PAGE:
Sunday, August 7, 2022

Sermon: “God’s Embassy on Earth”, Psalm 33:12-22/Hebrews 11:1-10, 13-16 (August 7, 2022)


Over the past several years, Christian nationalism has been on the rise. And we here in the United States aren’t the only participants in this trend: the Wikipedia page for “Christian nationalism” lists Canada, Russia, the United States, and Yugoslavia as modern examples of countries that have, to one degree or another, embraced this ideology. In some cases, Christian nationalism emerges out of the best of intentions – a belief that Christian policies and laws would improve life for everyone. In others, it’s a tactical strategy – if an individual controls both the state AND the Church, then there’s very little that can stand in the way of their political aspirations. Regardless of where on this spectrum a person’s motivations lie, the objective of Christian nationalism remains the same: a blurring, if not outright removal, of the line between Church and state.

Many Christian nationalists turn to scripture itself in order to justify their position. As you might imagine, Psalm 33:12 is a popular choice: “The nation whose God is the Lord, the people whom God has chosen as his possession, is truly happy!” It certainly SOUNDS like scripture is conflating patriotism and religion, doesn’t it? When I did a google image search for Psalm 33:12, a clear majority of the results (15 out of the first 25) had this text placed on a backdrop of the American flag.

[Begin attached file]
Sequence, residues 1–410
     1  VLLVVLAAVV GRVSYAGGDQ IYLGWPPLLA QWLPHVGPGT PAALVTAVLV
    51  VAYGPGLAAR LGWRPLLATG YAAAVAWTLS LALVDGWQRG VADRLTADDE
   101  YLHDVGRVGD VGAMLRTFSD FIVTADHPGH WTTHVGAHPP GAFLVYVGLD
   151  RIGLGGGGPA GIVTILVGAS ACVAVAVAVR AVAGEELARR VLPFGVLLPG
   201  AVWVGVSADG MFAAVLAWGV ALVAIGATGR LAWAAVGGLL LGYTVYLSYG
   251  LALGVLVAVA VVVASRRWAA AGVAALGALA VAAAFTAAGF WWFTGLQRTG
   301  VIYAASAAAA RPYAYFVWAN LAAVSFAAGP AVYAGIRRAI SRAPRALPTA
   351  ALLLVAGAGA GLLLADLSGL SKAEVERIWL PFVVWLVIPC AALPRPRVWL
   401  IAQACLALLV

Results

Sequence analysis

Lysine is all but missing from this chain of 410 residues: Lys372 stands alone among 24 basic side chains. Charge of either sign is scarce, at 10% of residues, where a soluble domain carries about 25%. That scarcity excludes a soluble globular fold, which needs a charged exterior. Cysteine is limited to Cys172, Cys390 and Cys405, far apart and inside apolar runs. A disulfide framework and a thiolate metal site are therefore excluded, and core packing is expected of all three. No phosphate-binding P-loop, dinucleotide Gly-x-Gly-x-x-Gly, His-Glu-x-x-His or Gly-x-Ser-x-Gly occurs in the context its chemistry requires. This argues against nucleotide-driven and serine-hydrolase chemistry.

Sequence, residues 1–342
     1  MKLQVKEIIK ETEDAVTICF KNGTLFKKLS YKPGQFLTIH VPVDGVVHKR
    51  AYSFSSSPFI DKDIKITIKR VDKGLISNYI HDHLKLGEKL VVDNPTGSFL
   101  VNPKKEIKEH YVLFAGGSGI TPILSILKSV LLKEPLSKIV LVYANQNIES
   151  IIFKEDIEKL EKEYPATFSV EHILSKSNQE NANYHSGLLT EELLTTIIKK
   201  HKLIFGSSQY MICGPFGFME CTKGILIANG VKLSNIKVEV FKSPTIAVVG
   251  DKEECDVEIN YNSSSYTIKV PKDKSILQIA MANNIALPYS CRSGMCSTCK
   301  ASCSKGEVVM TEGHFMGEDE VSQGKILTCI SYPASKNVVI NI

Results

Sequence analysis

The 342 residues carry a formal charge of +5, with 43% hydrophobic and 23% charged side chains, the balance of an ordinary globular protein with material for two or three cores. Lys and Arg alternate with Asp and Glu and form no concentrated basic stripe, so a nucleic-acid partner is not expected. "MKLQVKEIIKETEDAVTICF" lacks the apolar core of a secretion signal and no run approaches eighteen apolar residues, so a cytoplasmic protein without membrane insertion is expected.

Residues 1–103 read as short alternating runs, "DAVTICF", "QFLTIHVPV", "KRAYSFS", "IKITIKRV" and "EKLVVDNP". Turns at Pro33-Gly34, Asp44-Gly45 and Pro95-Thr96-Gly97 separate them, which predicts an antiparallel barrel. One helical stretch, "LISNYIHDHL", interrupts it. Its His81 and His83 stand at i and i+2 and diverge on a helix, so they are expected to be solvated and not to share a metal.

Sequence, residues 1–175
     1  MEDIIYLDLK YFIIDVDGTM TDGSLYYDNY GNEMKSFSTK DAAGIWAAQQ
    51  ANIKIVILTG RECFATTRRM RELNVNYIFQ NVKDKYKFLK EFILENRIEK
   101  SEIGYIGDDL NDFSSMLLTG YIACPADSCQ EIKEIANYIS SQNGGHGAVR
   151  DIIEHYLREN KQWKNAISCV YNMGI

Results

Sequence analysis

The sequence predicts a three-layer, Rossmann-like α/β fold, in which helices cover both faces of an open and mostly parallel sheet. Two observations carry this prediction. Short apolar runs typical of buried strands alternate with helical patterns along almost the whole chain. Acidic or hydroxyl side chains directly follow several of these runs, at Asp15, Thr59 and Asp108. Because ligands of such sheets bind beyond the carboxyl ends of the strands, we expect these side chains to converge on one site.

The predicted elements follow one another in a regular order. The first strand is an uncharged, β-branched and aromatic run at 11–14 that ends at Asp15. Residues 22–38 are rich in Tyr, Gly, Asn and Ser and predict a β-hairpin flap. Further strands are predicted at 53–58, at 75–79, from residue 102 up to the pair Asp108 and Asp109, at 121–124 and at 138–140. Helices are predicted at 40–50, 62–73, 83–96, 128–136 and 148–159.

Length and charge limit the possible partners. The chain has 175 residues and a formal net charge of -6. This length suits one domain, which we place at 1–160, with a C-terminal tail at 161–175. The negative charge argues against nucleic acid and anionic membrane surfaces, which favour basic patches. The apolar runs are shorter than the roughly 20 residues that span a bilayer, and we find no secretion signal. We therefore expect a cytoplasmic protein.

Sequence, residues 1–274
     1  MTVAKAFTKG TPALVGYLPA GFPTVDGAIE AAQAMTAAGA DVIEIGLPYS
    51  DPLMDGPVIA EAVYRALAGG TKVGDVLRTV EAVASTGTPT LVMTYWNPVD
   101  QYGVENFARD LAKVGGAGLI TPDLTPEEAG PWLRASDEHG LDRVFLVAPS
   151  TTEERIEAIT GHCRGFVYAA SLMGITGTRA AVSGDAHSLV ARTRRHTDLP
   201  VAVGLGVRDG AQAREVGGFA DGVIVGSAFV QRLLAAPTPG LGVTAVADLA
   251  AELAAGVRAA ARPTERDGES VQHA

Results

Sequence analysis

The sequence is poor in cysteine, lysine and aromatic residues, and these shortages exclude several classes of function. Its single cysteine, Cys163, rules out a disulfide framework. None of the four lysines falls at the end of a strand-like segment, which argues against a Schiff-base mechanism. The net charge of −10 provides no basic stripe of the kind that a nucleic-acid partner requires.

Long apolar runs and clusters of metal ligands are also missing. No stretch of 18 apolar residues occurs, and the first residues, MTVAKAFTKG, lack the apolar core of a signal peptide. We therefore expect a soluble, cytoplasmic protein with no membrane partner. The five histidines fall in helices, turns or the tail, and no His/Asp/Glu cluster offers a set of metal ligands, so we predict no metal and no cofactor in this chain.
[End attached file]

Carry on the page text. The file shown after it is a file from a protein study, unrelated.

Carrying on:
The creators of these images clearly believe that our country is the subject of this verse. Now, obviously I would never stand here in the pulpit and tell you that God doesn’t care about the United States. And certainly, there’s nothing wrong with pride in one’s country. But the fact is that, contrary to what google images might lead you to believe, scripture does NOT tell us that the United States is supposed to be a Christian nation.

An interpretation of Psalm 33:12 as a call to Christian nationalism not only ignores the context in which it was written, but it ignores the rest of the psalm itself. The psalmist immediately goes on to say, “The Lord looks down from heaven; he sees EVERY human being. From his dwelling place God observes ALL who live on earth. God is the one who made ALL their hearts, the one who knows everything they do.” WE may be thinking of God’s chosen nation in terms of modern political divisions, but it sounds like God has their own idea of the nation that they want to claim – and it isn’t defined by any human boundaries.

See, I suspect that what scripture is actually trying to say is not that the United States is an especially beloved political entity (or Russia, or Canada, or Yugoslavia, or even modern Israel, for that matter). Instead, Scripture is describing a different patriotism that has nothing to do with where you were born, where you live, or which government orders your life. Secular nations are necessary to order society and helpful in forming our identity, but scripture is telling us that they’re ultimately not the place where our greatest fidelity should lie.